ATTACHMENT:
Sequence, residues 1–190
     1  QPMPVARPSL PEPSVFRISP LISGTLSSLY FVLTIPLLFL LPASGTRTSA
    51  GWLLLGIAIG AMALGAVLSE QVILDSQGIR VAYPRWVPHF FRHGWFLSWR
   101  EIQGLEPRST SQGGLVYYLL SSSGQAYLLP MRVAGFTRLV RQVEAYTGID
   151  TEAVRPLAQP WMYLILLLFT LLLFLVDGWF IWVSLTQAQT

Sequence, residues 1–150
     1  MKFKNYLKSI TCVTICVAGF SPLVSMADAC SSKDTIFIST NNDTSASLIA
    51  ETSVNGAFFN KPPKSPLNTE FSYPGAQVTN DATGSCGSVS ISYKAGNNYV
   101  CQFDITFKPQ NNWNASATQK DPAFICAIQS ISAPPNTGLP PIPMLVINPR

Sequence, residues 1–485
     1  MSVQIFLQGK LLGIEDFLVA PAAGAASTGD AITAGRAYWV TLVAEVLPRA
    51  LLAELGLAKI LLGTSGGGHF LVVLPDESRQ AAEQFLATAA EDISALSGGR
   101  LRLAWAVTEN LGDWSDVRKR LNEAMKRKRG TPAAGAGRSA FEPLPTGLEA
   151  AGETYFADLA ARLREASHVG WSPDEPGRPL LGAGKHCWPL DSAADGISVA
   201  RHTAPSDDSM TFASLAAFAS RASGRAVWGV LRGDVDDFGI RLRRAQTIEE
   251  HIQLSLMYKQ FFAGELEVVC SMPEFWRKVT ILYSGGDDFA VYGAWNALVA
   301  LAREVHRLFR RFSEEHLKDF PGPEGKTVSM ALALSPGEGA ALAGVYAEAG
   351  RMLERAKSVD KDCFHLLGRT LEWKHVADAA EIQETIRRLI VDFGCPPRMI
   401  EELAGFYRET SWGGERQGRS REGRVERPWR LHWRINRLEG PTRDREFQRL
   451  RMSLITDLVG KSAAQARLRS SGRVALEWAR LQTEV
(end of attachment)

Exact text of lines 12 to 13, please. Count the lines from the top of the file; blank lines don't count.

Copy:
    51  LLAELGLAKI LLGTSGGGHF LVVLPDESRQ AAEQFLATAA EDISALSGGR
   101  LRLAWAVTEN LGDWSDVRKR LNEAMKRKRG TPAAGAGRSA FEPLPTGLEA